|About Shotokan Karate|
By Cathy Richey, the Cathy Factor
The history of the martial arts style of Shotokan karate begins
with Gichin Funakoshi, a man who is given great credit not only for
its birth but also for helping to popularize karate in general.
However, in recent years a UFC fighter by the name of Lyoto Machida
has done quite a bit to bring the art of Shotokan to the forefront
as well. Machida knows how to strike with devastating force before
anyone even realizes he's considering it. This is what Shotokan
karate looks like in battle.
Funakoshi never actually named the fighting style that he refined
from Itosu and Asato's teachings, just preferring to call it karate.
But when he started a dojo in 1936, his pen name of shoto (meaning
pine waves) was used along with the term kan (house) by his students
to erect a sign above the entrance to the establishment that said
Beyond building the foundation of Shotokan, Gichin served as an
ambassador of karate, eventually helping to popularize it through
public demonstrations and by working to bring it to karate clubs and
universities. His development of the philosophical points or
foundations tied to the style called the Twenty Precepts of Karate
or Niju kun is perhaps what he's best known for.
Gishin's third son Yoshitaka later refined the art tremendously.
By changing several aspects (such as lowering stances and adding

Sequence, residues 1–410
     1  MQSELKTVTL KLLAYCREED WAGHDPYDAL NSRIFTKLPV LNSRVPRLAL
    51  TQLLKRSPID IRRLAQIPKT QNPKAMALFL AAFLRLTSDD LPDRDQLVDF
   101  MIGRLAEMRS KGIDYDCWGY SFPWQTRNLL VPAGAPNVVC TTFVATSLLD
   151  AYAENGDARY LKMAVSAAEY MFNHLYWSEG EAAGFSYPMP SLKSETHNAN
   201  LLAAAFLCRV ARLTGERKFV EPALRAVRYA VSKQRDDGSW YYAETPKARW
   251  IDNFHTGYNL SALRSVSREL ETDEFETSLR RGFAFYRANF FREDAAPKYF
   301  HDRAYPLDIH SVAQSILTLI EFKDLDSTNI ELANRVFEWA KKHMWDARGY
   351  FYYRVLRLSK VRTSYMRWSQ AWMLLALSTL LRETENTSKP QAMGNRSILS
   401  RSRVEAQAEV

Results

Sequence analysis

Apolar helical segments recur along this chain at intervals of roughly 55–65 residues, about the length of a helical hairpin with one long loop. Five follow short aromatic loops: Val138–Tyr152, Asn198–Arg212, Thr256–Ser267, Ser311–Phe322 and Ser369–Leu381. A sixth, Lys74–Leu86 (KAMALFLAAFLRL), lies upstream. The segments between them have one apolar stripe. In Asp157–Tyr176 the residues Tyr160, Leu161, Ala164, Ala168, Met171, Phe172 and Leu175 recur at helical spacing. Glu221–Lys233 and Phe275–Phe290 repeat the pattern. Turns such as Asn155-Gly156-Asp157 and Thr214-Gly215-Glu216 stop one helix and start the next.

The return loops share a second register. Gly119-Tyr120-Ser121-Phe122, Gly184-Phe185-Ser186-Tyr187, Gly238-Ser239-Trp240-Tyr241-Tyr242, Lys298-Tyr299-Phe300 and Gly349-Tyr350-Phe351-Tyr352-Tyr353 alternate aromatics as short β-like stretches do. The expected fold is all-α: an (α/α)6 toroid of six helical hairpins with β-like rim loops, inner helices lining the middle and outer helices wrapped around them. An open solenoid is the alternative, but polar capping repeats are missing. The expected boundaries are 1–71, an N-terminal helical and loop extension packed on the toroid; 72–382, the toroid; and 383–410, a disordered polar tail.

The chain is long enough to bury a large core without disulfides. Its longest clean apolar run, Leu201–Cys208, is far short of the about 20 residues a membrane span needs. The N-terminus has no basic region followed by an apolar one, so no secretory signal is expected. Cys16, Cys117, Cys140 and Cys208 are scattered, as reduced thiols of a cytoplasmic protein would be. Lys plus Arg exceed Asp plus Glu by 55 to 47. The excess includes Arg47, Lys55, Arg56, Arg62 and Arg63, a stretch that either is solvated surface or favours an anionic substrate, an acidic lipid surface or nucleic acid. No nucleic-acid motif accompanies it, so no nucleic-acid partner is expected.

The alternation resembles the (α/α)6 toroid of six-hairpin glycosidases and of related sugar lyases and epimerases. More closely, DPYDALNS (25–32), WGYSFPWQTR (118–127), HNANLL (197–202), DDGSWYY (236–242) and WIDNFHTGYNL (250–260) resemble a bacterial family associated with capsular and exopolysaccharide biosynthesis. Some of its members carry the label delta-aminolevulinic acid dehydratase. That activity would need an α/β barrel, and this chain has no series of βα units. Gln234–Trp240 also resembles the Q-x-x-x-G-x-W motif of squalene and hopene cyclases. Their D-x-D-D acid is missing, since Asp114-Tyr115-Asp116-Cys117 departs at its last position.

more high kicks) Yoshitaka helped to separate Shotokan from the
other Okinawan styles.
Many of the goals of Shotokan can be found in the Twenty Precepts
of Karate. That said, one of these (#12) seems to say a lot: "Do not
think of winning, think of not losing." In fact, it's something that
one could imagine another martial arts master, Helio Gracie, saying.
In "Karate-do: My Way of Life", Gichin Funakoshi also noted that,
"The ultimate aim of Karate lies not in victory or defeat, but in
the perfection of the character of the participant."
In combat, Shotokan is a striking style that emphasizes stopping
an opponent with powerful kicks and/or punches quickly and without
Shotokan is a striking style of martial arts that teaches
practitioners through a series of kihon (basics), kata (forms) and
kumite (sparring) how to defend oneself. Shotokan is a hard martial
arts style that emphasizes powerful strikes, long stances, and a lot
of in and out techniques in sparring designed to avoid damage and
end a fight quickly. Higher belts also learn some grappling and
jiu-jitsu style techniques.
Famous Shotokan Practitioners:
- Gichin Funakoshi: Funakoshi was the founder of the Shotokan
- Yoshitaka Funakoshi: The third son of Gichin Funakoshi,
Yoshitaka took his father's art and refined it to make it more
unique. Higher kicks and lower stances were just some of the
things he brought to the table.
- Lyoto Machida: The son of Yoshizo Machida, Lyoto has done a
lot to show the world just how effective Shotokan can be via his
success in the UFC. Machida is known for his ability to strike
before anyone realizes that he is coming. He is a highly
technical stand up fighter.
- Yoshizo Machida: A Shotokan karate master and the father of
UFC fighter Lyoto Machida.
- Wesley Snipes. Among other
martial arts, he is known for Shotokan. He's actually a fifth-degree black
belt in Shotokan. Unlike the heavily commercialized styles that have a
fairly low bar for black belt, getting even a first degree in Shotokan is
very difficult. It's rare than any American reaches a third degree.
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